College Basketball: Ranking the Next 10 Likely One-and-Done Players
Over the past five years, college basketball has had a constant crop of players who come to college, stay one year and then bolt for the NBA. These players are commonly known as "The One-and-Dones."
Some fans love it, others hate it, but the fact is that college basketball has gotten used to these one-year athletes.
With the 2011-12 season slowly creeping up, it's time to look at the next group of kids who will likely stay on campus for only a season.
Typically, there are between five and 10 freshmen who leave early, and because of this, I will be including a few players who are not due to arrive on campus until the 2012-13 season as I don't see there being 10 freshmen who will be declaring for the NBA draft next season.
At least, I hope not.
10. Kentavious Caldwell-Pope, Georgia
6'4", 190 pounds, No. 23 overall on ESPNU top 100, No. 6 Shooting Guard
When Georgia Bulldog stars Trey Thompkins and Travis Leslie left a year early for the NBA (a questionable decision on both parts), the door opened for a player to come in an take care of the scoring load.
Enter Kentavious Caldwell-Pope, a wing player who can score as well as anyone in the 2011 class aside from maybe Austin Rivers.
I expect Caldwell-Pope to contend for Freshman of the Year honors in the SEC and most likely lead the Bulldogs in scoring.
He's a bit of a sleeper, and I'm not sure declaring after one year would be a wise decision on his part, but there have been more than a few freshmen who made poor decisions regarding their draft status (I'm looking at you, Jeremie Richmond).
9. Quincy Miller, Baylor
6'9", 210 pounds, No. 6 overall on ESPNU top 100, No. 3 Power Forward
Quincy Miller arrives at Baylor as one of the most highly regarded recruits in the program's history. A versatile forward, Miller is going to be one of the most difficult matchups in the country for opposing teams to handle.
With Miller, and the return of Perry Jones, Baylor has the talent to be one of the best teams in the country. If they're able to make a solid run in the NCAA tournament, I could definitely see Miller being satisfied with his accomplishments and moving on to the NBA as a potential top 10 pick.
8. Isaiah Austin
7'0", 200 pounds, No. 2 overall on ESPNU Top 100 (2012), No. 2 Center
The first of three 2012 recruits, Isaiah Austin has verbally committed to Baylor, but because he's not been allowed to sign yet, I'm leaving his future college destination open.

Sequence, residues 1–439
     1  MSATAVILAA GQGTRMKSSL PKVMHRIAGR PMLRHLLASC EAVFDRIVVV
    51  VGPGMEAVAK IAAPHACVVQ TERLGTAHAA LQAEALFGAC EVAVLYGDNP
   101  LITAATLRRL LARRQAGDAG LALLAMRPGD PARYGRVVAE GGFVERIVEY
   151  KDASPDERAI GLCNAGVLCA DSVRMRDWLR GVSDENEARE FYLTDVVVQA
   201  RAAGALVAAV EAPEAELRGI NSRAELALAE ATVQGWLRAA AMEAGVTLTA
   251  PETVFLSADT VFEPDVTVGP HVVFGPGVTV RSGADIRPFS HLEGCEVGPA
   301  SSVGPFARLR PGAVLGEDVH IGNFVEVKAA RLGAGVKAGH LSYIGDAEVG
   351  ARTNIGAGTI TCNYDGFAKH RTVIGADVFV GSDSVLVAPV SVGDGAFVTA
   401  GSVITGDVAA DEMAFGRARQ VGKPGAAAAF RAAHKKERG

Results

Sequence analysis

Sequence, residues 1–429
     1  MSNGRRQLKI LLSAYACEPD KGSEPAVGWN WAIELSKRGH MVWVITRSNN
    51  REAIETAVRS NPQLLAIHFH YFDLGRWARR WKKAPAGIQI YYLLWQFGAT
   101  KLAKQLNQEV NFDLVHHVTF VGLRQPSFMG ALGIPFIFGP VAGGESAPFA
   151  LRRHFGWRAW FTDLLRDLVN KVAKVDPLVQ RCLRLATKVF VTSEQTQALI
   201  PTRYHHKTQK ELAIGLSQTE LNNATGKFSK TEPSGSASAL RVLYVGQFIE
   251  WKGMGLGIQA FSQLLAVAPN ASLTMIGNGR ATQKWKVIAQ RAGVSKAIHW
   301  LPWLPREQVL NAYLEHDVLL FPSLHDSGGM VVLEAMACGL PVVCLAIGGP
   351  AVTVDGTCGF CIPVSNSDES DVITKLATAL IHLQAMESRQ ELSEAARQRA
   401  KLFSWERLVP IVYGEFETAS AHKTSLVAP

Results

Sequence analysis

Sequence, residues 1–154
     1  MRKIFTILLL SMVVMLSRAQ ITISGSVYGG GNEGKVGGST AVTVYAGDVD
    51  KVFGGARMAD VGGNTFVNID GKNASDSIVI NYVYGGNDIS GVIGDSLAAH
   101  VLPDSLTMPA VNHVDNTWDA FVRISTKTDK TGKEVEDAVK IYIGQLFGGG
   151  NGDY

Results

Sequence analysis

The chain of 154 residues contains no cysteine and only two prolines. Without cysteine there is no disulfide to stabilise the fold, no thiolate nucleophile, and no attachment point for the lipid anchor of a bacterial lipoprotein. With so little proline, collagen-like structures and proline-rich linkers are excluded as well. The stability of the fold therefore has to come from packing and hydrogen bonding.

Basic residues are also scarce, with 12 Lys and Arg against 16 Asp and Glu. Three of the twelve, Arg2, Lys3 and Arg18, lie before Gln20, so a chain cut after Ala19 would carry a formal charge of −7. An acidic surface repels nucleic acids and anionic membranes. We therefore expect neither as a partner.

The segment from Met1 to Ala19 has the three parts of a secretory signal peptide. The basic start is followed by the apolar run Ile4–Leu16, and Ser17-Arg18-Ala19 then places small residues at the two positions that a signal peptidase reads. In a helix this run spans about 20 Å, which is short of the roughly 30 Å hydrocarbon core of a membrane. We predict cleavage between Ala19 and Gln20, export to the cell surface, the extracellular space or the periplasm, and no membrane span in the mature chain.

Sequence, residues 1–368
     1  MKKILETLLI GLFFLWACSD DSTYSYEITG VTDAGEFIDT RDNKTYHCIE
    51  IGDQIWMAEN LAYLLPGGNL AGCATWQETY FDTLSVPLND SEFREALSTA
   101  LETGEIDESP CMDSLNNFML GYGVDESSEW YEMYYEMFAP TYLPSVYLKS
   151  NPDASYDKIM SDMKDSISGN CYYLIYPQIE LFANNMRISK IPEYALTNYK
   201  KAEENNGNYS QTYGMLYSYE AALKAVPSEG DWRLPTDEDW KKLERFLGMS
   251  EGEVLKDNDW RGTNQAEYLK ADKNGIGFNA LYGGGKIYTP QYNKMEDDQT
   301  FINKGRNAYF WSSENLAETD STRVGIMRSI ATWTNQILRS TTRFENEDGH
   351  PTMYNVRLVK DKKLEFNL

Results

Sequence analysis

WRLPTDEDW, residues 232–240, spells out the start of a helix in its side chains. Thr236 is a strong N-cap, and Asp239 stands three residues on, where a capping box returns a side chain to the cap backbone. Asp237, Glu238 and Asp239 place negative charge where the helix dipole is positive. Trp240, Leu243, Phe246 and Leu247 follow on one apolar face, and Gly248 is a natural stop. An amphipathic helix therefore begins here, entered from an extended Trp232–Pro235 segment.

Austin is part of a 2012 class that is loaded with big men. With the NBA severely lacking in that department, Austin will likely be a top 10 pick when he declares for the draft because of his height and versatility to play on the outside as well as down low.
Obviously, at just 200 pounds, he needs to put on a ton of weight, but NBA teams are notorious for taking long-term projects in the lottery.
7. Marquis Teague, Kentucky
6'2", 175 pounds, No. 7 overall on ESPNU top 100, No. 1 Point Guard
For the past four years, coach John Calipari has brought in an elite point guard, and each year that player has left after one season to become a top 10 pick. Marquis Teague will be no different.
Teague is possibly the quickest player in the 2011 class and is at his best going up-tempo and getting into transition. He'll remind some people of John Wall in that aspect, though maybe not quite as explosive.
6. LeBryan Nash, Oklahoma State
6'7", 230 pounds, No. 9 overall on ESPNU top 100, No. 3 Small Forward
LeBryan Nash comes to Oklahoma State as one of the top recruits in the program's history. He's arguably the most physically imposing perimeter player in the 2011 class, and possibly, the country. The kid is an absolute tank and has elite athleticism as well, making him pretty much impossible to contain in transition.
Nash could end up being somewhat like a miniature DeMarcus Cousins because while he has all the physical tools to be a dominant force, his maturity has been a major question mark.
Assuming he keeps his head on straight, Nash should be a major impact player for the Cowboys and could translate that into a lottery pick selection after his freshman campaign.
5. Shabazz Muhammad
6'6", 205 pounds, No. 3 overall on ESPNU Top 100 (2012), No. 1 Small Forward
Shabazz Muhammad is viewed as the far and away best perimeter player in the 2012 class.